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Thai PM faces corruption charges as clashes continue


Thailand’s anti-corruption body said on Tuesday it had filed charges against Prime Minister Yingluck Shinawatra over irregularities in the government’s rice-buying scheme, while at least three people were killed in clashes in the capital Bangkok.


The National Anti-Corruption Commission has summoned Yingluck to face the charges on February 27. Yingluck is head of the National Rice Committee. Her government introduced the present scheme in 2011, paying farmers way above the market price for their grain.

“Although she knew that many people had warned about corruption in the scheme, she still continued with it. That shows her intention to cause losses to the government so we have unanimously agreed to charge her,” Vicha Mahakhun, a member of the commission, said in a statement.

The news came amid violent clashes in Bangkok, after police launched an operation to clear protesters from the city’s streets earlier in the day. One of the three people killed in the unrest was an officer, who died from a gunshot wound to the head.

“One policeman has died,” national police chief Adul Saengsingkaew told the Reuters news agency, noting that several other officers had also been injured. “The policeman who died, died while being sent to hospital. He was shot in the head.”

The other two victims were both men aged 52 and 29, the Erawan Medical Center, which monitors city hospitals, said on its website.

Televised images of the operation showed clouds of teargas as police and demonstrators clashed near Government House in central Bangkok. It was not clear who had fired the teargas, but the authorities blamed protesters.

Thailand has been gripped by political crisis ever since November, when protests first erupted against Yingluck, whom many view as a proxy for her elder brother, Thaksin Shinawatra, a former premier and telecoms tycoon who was ousted by a military coup in 2006.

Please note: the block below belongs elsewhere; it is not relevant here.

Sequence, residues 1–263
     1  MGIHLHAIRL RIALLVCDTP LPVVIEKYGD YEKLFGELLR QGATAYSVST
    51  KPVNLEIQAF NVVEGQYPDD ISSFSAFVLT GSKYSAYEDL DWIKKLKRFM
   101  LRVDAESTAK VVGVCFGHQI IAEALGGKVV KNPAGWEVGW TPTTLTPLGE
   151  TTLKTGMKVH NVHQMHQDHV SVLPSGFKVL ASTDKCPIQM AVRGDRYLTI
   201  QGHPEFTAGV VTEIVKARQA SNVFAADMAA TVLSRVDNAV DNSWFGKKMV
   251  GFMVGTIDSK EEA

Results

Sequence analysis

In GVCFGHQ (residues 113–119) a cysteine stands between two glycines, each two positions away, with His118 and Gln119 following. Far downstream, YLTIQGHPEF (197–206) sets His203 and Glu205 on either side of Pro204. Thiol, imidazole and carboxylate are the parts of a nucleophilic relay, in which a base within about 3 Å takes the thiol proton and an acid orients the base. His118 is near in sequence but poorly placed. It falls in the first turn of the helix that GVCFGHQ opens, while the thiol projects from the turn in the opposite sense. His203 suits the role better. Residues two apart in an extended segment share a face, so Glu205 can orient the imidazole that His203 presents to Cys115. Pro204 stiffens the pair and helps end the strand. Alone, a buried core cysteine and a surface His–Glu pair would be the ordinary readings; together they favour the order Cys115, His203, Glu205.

Security officials said 15,000 officers were involved in an operation, called the “Peace for Bangkok Mission”, to reclaim protest sites around government offices in the centre and north of the capital.

Police said about 100 protesters had been arrested in an early morning operation to clear demonstrators from a site near the Energy Ministry. Meanwhile the Erawan Medical Center, which monitors Bangkok hospitals, reported that at least 14 people injured in the violence.

Ongoing political battle

The protests are the latest chapter of an eight-year political battle broadly pitting the Bangkok middle class and royalist establishment against the poorer, mostly rural supporters of Yingluck and her billionaire brother Thaksin.

Demonstrators accuse Thaksin of nepotism and corruption, alleging that he used taxpayers’ money for populist subsidies and easy loans that have bought him the loyalty of millions in the north and northeast.

Yingluck has been forced to abandon her offices in Government House by the protesters, who have also blocked major intersections since mid-January.

Bluesky TV, the protest movement’s television channel, had earlier shown protest leader Suthep Thaugsuban addressing police lines near Government House.

“We are not fighting to get power for ourselves,” Suthep said. “The reforms we will set in motion will benefit your children and grandchildren, too. The only enemy of the people is the Thaksin regime.”

Labour Minister Chalerm Yoobamrung, who is in charge of the security operation, has said police would reclaim sites near Government House, the Interior Ministry and a government administration complex in north Bangkok as well as the Energy Ministry.

The largest protest sites in the city’s business and shopping districts are not included for now.


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